Green power – Co-Generation using bagasse
With climate change and the reduction of CO2 emissions becoming a non-negotiable, everyone is looking at renewable energy sources.
What better source than the Sugar Industry to show us the way…. With their established co-generation plants burning bagasse to generate power, could this green power, be the answer to South Africa’s energy crisis?
The Sugar Industry is the only industry which utilises all its waste and is an assured source of renewable energy. Today, with high pressure boilers and advanced cooling technologies, this surplus energy can now be exported to power grids to supplement the energy needs of the consumer.
Cogeneration is great for the bottom line and also for the environment, as recycling the waste heat saves other fossil fuels from being burned. With small cogeneration plants generating anywhere from one to 100 megawatts of power, this could be exactly what we need.
What does co-generation mean?
Cogeneration is usually defined as the generation of electricity and heat from the same energy source. Examples would be sugar mills, where bagasse left over from crushing cane is used in boiler to generate steam to power a steam turbine & generator set while and producing heat for the process of producing sugar.
Co-generation is the concept of producing two forms of energy from one fuel. In the case of the Sugar Industry, bagasse is the fuel. One of the forms of energy must always be heat and the other may be electrical or mechanical energy.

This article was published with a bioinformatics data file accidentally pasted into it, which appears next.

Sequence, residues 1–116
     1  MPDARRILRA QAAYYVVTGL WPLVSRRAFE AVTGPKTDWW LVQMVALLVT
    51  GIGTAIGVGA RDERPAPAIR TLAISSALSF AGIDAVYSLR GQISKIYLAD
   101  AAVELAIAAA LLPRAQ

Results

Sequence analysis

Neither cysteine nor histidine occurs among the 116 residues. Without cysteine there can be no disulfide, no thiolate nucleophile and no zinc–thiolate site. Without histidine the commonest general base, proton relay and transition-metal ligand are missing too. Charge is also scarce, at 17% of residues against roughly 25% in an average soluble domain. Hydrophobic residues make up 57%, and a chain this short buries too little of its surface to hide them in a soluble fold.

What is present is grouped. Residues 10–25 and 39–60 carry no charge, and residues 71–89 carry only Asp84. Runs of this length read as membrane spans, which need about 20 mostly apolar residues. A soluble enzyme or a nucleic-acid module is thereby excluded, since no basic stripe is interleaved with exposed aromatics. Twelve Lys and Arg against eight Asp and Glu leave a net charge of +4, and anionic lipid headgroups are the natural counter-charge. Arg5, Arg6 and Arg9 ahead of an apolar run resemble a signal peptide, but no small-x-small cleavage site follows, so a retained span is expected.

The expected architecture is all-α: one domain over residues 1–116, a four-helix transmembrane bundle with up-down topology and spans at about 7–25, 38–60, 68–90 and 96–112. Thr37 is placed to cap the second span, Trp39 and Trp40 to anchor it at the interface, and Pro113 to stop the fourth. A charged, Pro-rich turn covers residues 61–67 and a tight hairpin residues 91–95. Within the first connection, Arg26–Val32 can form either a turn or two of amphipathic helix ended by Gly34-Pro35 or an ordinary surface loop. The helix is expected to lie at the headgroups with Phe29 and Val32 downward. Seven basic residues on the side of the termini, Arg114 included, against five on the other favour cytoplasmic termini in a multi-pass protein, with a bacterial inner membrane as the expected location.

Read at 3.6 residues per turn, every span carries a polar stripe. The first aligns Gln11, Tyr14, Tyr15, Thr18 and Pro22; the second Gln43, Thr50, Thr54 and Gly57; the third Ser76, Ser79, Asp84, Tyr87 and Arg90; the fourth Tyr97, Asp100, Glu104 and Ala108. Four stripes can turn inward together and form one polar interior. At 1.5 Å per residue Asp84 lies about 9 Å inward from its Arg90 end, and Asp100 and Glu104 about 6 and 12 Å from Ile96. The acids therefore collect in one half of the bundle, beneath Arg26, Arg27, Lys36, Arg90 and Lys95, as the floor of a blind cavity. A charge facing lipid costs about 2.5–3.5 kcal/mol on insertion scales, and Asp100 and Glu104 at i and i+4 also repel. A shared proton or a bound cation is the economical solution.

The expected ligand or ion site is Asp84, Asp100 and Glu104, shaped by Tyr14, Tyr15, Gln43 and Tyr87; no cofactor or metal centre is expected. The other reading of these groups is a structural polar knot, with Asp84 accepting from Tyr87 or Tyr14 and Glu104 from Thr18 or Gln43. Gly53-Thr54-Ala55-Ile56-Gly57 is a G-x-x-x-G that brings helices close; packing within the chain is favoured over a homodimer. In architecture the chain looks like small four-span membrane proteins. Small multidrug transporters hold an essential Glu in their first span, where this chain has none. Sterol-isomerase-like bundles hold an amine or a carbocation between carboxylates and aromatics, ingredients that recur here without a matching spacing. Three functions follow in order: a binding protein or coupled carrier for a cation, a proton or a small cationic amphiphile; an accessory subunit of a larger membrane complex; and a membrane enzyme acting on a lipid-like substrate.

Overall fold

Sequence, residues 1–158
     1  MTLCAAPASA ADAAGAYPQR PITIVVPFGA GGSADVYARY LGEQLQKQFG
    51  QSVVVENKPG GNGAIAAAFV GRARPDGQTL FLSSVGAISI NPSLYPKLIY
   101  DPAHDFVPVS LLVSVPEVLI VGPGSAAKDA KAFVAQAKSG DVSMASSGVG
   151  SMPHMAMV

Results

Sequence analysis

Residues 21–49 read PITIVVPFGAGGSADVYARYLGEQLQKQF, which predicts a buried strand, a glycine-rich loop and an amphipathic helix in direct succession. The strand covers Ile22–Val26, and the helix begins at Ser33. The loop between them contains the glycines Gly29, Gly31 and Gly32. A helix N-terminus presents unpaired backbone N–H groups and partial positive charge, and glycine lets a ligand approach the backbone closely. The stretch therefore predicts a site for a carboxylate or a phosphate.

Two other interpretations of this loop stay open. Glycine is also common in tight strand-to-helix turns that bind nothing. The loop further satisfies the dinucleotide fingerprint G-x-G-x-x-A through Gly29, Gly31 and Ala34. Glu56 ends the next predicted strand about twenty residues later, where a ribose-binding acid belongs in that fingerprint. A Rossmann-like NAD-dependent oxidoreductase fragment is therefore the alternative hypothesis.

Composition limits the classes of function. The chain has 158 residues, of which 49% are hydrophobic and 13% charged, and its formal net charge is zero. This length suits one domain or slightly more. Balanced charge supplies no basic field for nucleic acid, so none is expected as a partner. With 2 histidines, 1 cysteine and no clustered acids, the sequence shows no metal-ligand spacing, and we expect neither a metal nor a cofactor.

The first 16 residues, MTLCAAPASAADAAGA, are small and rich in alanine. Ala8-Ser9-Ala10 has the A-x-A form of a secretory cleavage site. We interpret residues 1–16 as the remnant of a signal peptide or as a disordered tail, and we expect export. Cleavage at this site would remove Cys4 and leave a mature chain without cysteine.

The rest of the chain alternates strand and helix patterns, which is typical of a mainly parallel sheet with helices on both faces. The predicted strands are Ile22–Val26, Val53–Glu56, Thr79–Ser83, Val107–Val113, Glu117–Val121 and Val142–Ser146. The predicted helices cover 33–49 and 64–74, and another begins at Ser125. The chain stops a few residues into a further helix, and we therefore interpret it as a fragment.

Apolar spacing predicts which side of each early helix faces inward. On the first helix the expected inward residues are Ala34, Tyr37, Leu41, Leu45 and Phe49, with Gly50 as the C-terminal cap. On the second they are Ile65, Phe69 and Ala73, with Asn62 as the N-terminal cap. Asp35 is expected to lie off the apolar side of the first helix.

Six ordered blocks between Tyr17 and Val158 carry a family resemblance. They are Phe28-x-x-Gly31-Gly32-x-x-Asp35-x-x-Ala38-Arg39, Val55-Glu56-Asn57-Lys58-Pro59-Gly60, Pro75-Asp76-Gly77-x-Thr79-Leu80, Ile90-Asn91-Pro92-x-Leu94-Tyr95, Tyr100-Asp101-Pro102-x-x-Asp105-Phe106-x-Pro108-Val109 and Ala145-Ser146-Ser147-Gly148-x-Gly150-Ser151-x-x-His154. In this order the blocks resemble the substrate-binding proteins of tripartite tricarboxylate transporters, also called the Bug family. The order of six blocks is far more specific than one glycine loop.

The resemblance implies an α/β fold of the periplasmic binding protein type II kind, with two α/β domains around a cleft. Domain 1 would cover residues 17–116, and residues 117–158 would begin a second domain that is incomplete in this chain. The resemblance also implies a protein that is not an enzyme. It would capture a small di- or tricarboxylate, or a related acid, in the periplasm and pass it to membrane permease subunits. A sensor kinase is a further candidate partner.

What is Bagasse?
Bagasse is the dry pulpy fibrous material that remains after crushing sugarcane stalks to extract their juice. It is used as a biofuel for the production of heat, energy, and electricity, and in the manufacture of pulp and building materials.
How is cooling technology used to facilitate the production of energy?
Fuel (bagasse) is burnt in a boiler to generate high-pressure steam which is used to drive a turbine, which in turn drives an alternator through a steam turbine to produce electrical power. This power goes to the grid. The remaining exhaust steam is then passed through a condenser in which cold water circulates and cools the steam turning it back into water and sends it back to the boiler.
Climate action is at the heart of IWC’s growth strategy, and we strive for a sustainable future. We work with our customers to lower their carbon footprint and to act in favour of local ecosystems. Our extensive sugar industry experience and vast range of products enables us to provide cutting edge cooling solutions to an industry which makes up a crucial part of Africa’s future.